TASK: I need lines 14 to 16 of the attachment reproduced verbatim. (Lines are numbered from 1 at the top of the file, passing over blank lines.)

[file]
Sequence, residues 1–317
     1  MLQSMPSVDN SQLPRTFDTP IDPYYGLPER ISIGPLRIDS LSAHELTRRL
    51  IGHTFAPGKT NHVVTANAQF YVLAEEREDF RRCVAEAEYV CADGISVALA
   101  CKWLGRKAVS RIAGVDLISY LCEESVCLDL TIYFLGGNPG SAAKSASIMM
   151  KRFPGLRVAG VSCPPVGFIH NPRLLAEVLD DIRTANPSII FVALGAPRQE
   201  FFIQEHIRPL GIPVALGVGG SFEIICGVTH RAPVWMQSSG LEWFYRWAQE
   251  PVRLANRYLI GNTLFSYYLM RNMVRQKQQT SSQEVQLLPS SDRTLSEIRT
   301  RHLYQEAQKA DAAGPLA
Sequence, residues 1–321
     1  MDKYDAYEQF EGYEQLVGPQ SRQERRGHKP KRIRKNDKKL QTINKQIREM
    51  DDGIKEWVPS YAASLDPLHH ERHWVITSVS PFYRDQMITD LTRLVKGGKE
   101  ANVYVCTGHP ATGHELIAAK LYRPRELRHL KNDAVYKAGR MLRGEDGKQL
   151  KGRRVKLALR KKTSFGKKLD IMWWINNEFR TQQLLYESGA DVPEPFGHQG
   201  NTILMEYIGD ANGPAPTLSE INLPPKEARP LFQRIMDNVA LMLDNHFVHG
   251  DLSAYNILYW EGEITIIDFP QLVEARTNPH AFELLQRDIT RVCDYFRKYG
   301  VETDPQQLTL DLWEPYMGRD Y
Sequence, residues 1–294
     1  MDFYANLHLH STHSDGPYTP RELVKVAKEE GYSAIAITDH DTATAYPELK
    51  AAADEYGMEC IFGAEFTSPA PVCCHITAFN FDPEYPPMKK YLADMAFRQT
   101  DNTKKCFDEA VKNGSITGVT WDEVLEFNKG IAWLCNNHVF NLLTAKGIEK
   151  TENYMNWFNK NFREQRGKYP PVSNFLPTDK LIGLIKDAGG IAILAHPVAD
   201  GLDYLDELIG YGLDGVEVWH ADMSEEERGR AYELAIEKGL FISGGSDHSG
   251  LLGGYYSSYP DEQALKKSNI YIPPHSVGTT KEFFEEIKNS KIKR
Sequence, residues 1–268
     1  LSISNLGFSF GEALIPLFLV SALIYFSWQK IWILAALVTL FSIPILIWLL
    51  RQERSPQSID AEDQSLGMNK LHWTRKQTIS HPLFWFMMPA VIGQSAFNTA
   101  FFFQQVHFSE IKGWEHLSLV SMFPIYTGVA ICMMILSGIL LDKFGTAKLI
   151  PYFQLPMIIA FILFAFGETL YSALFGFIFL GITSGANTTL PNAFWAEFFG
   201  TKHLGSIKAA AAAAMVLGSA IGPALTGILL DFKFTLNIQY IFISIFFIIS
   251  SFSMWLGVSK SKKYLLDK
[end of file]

   201  NTILMEYIGD ANGPAPTLSE INLPPKEARP LFQRIMDNVA LMLDNHFVHG
   251  DLSAYNILYW EGEITIIDFP QLVEARTNPH AFELLQRDIT RVCDYFRKYG
   301  VETDPQQLTL DLWEPYMGRD Y